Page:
May Newsletter: The Truth About Social Security – Running out of funds? and Prior Fixes

For two decades, we have been hearing that Social Security is going bust!  Back in Clinton’s presidency, we were told the opposite—that his administration was running a surplus. Well, what happened?

Prior fix

I remember the numbers, and if we took out the extra funds we were paying for Social Security, there was no surplus at that time. What actually happened was a hike in payroll tax on both employers and employees. Furthermore, Social Security benefits were delayed for all beneficiaries who were 44 and younger in 1983; because people retiring 21 years later should be able to adjust.  Thus, the benefits became less generous for the silent generation (post-WW II and pre-boomers), boomers and subsequent generations, than it was for prior generations.

There is a simple reason why Social Security was fixed in 1983 and why it is so hard to fix now.  As of January 1, 1983, Social Security was a strict pay-as-you-go system, and the dollars in were going to be less than the dollars out. The WW II generation was retiring in large numbers and the silent generation, boomers, and subsequent generations were the patsies who were dinged.  The claim at the time, which was not the problem, was about paying enough in for seniors. That problem was fixed easily, and the system was supposed to be fixed forever by requiring boomers to start paying more in 1984.

By 2008, when the first Boomers reached 62 and started to receive distributions from the “Social Security Trust Fund,” there should have been sufficient surplus so that Social Security could afford to fund the boomer retirement.  Unfortunately, the calculation was off and the surplus money is projected to fall short of funding all of the boomer’s benefits—just 75% of promised benefits.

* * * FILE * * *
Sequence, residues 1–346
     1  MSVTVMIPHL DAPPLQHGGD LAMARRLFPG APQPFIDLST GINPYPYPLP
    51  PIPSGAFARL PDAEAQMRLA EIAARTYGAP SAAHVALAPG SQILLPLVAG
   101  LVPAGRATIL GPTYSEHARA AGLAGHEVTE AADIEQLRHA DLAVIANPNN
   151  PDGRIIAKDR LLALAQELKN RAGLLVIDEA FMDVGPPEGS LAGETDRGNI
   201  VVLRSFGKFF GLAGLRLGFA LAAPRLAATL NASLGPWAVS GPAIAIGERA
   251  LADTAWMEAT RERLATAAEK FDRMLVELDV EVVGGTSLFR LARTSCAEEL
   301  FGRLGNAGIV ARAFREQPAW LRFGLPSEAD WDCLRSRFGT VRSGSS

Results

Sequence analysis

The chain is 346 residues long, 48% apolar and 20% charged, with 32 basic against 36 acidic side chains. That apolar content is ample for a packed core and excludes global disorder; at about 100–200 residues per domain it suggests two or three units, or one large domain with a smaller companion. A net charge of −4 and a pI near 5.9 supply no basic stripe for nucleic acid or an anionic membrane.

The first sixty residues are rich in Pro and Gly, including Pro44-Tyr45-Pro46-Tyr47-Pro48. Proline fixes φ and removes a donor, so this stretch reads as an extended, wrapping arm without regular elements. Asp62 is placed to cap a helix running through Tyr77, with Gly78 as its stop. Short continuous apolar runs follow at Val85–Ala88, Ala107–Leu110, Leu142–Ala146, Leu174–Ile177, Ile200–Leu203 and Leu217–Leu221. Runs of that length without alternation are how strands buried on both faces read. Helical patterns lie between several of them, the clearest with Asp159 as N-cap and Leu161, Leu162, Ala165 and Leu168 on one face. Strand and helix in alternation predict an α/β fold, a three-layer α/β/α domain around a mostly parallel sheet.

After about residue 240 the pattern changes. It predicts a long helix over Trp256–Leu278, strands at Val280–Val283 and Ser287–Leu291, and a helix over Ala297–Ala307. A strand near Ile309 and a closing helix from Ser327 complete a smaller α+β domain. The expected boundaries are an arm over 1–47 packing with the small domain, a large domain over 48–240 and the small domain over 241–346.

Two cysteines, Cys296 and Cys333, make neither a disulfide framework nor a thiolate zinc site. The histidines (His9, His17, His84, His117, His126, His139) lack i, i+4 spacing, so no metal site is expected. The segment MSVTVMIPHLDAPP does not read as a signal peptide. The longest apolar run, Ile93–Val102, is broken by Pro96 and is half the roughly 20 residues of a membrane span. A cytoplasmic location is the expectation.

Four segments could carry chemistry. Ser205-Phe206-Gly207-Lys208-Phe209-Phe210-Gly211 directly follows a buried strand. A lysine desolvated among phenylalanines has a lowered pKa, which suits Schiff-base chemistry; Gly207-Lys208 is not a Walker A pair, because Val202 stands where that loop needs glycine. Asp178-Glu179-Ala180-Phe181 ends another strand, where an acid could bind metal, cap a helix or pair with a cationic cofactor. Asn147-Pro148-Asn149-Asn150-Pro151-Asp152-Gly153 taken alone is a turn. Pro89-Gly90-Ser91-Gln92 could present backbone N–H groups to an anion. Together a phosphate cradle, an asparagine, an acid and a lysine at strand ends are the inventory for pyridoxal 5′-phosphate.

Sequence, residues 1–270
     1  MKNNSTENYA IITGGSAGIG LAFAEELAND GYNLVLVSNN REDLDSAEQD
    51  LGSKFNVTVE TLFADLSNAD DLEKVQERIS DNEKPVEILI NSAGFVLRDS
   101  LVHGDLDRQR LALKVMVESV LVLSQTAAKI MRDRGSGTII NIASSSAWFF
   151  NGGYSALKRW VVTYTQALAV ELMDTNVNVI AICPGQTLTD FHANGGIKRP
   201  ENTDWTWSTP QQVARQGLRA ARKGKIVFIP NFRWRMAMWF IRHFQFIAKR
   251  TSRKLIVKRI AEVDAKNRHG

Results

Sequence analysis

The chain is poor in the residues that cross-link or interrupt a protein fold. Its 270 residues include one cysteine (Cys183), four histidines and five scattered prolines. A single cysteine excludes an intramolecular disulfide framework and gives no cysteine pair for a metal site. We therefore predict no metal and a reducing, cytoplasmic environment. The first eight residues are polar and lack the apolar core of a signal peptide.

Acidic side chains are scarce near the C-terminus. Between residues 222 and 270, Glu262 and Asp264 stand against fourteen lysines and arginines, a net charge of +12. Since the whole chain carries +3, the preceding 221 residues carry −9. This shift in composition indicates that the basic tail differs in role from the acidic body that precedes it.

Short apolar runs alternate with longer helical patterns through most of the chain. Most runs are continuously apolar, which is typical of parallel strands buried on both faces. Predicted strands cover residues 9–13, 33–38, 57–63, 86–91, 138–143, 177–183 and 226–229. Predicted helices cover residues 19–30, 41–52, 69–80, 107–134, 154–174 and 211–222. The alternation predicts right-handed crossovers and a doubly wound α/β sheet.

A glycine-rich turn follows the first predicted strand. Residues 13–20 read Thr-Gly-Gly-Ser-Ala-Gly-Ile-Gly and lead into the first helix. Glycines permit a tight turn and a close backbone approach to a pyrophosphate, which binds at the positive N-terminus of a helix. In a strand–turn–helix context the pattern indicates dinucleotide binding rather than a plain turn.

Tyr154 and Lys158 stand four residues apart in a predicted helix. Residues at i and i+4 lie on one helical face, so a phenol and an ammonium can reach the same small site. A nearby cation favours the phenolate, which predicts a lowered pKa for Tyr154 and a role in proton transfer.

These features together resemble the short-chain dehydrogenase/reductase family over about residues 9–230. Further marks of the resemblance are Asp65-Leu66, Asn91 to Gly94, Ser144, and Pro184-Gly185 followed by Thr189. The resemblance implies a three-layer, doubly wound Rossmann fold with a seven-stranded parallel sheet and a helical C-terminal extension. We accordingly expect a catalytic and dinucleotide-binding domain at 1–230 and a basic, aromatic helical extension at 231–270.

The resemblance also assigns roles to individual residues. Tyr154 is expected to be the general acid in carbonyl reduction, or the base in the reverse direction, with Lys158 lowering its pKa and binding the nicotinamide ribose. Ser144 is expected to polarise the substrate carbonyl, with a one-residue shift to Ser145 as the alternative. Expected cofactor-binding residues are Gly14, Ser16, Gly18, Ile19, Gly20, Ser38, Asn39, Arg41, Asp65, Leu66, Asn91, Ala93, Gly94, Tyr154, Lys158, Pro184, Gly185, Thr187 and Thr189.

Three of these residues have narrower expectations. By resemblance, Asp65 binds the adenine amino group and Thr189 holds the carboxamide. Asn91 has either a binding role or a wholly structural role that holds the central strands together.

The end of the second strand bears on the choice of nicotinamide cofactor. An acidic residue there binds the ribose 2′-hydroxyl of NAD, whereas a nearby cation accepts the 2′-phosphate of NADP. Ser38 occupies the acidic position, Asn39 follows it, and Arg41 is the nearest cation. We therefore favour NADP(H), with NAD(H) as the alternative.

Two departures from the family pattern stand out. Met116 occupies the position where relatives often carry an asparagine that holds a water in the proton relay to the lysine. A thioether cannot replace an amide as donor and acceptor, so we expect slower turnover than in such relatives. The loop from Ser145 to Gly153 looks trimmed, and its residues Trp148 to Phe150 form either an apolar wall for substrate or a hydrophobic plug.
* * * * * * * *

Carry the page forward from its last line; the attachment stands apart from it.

Shortfall predicted in 2034

The shortfall won’t be felt until sometime in 2034, which is when the payments in, plus the surplus created by boomers paying extra, runs out. If we are to see history repeat itself, we won’t see a fix till then? Remember, prior to 1983, there were projections stating that  Social Security was going to run out of money, but neither Nixon, Ford nor Carter were willing to fix the problem due to politics (sound familiar?)

A close reading of the Social Security Administration’s Trustee Report projections (https://www.ssa.gov/oact/TRSUM/) shows the meaning of the Social Security trust fund running out of money in 2034. By that time, payroll taxes will account for about 77% of benefits. This number is based on estimates of the number of people earning an income in the workforce, the numbers of Social Security benefits recipients still alive, and the amount of income overall that the workers will be earning, indexed for projected inflation.

In other words, if we don’t fix the system between now and 2034, by then the government will take payroll taxes and turn around and pay this money back to the Social Security beneficiaries. That money is projected to equal about 77% of today’s benefits.

Longevity is declining, but that’s not enough

As more people retire and live longer, the ratio of workers to beneficiaries is expected to gradually decrease. 77% will become 76%, then 75% and gradually shift downward, barring an influx of new workers or unexpected mortality among the elderly.  Recent studies by the US CDC and out of Great Britain show that longevity is declining, which may push the need for a fix out even further by a year or so, but definitely not enough to fix the problem substantially.

Chances are, there will be a fix of some sort between now and 2034, just as there was a fix between 1968 when the problem was first noted, and 1983, when politicians actually shored up Social Security.  What will it look like?

For a successful proposal

From past experience, it must be a bi-partisan effort, with both parties showing wins for their side. Democrats will need to point to the Republicans raising payroll taxes, and Republicans will need to see a reduction in benefits (such as increasing the age of retirement for younger generations) which would be similar to what happened in 1983. To accomplish such a feat, we would need a blue-ribbon bi-partisan committee or panel to make the proposal.